#HolbrookTravelStories - Tales from the Field

#HolbrookTravelStories - Tales from the Field

Apr 2, 2020|Where we travel| by Christa Markley

As we pass through a time of global pandemic when we're unable to travel, we find ourselves seeking to share favorite travel memories among our community, to keep us connected with happy memories and the anticipation for a joyful return to traveling again. Here, we compile just a few of our staff's favorite stories, from their own travels with Holbrook. This collection is a reminder of the impact travel can have - it shifts people's understandings of the world around them, brings people together, and transforms through new experiences. 

For more travel stories, check back with Holbrook's Facebook page and look out for #HolbrookTravelStories. If you'd like to share your own stories traveling with Holbrook, please tag us on Facebook, Twitter, or Instagram, or email marketing@holbrooktravel.com.


Broadening perspectives in Madagascar

by Stephanie Kowacz, Chief Operating Officer

I will always remember Madagascar, a unique blend of people, plants and animals like nowhere else on earth. Each day was like an awakening, to see not only new things, but to ponder all that I saw. To acknowledge what I take for granted each day: a grocery store, an electric stove, medical care, clean water. These things that most of the people here did not have.

I thought of their hardships; yet I kept seeing their smiling faces, witnessing their ingenuity and their struggles. I saw them happily washing their clothes in local streams and letting the sun dry them. I saw them making bricks by hand in that deep red dirt that gives Madagascar its nickname, “the Red Island.”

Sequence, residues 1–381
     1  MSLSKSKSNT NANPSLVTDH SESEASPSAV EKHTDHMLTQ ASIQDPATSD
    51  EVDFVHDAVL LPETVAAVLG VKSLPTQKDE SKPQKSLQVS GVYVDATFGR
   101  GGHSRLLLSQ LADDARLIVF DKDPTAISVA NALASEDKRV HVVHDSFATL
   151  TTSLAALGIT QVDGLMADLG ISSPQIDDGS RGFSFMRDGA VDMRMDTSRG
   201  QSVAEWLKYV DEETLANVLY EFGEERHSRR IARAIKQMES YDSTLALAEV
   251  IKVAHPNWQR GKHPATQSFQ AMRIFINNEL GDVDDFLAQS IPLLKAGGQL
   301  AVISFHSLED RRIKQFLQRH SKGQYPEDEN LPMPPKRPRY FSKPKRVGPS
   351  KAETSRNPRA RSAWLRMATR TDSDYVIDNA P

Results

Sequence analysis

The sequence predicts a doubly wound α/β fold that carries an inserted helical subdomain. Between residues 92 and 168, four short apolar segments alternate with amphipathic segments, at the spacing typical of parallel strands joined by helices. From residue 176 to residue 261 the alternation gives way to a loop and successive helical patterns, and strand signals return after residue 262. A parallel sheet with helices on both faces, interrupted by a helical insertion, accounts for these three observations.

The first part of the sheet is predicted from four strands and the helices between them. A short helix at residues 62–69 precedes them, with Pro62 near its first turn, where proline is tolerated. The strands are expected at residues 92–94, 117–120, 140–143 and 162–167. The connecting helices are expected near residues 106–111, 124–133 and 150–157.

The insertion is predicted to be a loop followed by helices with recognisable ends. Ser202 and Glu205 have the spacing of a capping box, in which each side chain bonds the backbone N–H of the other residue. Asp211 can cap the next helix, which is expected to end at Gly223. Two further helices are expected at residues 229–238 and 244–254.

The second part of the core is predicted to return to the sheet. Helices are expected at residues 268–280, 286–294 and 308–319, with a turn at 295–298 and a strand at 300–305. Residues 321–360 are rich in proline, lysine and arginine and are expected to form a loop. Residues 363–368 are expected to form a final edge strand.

I passed the days taking in lemurs big and small, with their wide, piercing eyes, staring at me as if to say, this land is mine. I saw plants like no other, some triangular in shape, even with tropical palm fringe spouting from them, even desert forests teeming with life adapted to the thorns. Jumping from cactus to cactus without hesitation, they moved on, much like the people of this magical place.

The people, oh the people, they struck me the most, massaging my brain, loosening it up, stretching my boundaries of thought. Bringing me words from a colleague whom I will always miss dearly, “We sat quietly as we left the village, they were so poor we thought… wait, no, they were rich.”


"Wow" moments in the Galápagos

by Chris Bensley, VP of Partnerships and Marketing

This was one of those instances in travel when a sudden change in landscape takes your breath away and tells a story in geology you couldn’t get from any book. It happened on a trip to the Galápagos not long ago with a small group of travel planners. We were doing a combo land & sea "inspection" of eco-lodges, yachts and excursions. This morning we awoke to heavy mist at Scalesia Tented Lodge and drove to a trail head up the road to hike to Sierra Negra. We set out on 90-minute walk through light drizzle.

I am fortunate to have traveled extensively in my lifetime, so it takes a lot to surprise me. I’ve been lucky to see the Serengeti plains, the Morocco Sahara, and the ice in Antarctica. Our group walked and talked, shared stories, and listened to our dynamic guide, Sandra, as she pointed out unique plant species and bird life. I had read our materials on the history of the Galápagos, its diverse ecosystems and species evolution. I’ve seen documentaries that tell how the earth is constantly changing with volcanic activity and tectonic shifts. But I was not prepared for the scene ahead of us.

As we neared our destination, the rim of Sierra Negra, the clouds were giving way to the sun’s rays. We walked up the last few steps. I was behind the group and my first indication that we had arrived was that the conservation had stopped. Silence. Wow. Out in front was a huge expanse of black. The caldera stood in sharp contrast to the landscape we’d left and we stood in awe of what a volcanic eruption can do. Then the thought that the islands were shaped in this way, and that all the species of flora and fauna that live today came after. In time. A long long time. It was a "wow" moment.

We read and write about how travel teaches us and brings education to life and this was a testimony to this truth. Nothing can replace being there and I hope travel will remain an important part of our personal lives.


Group unity and whale watching in Panama

by Christa Markley, Interactive Designer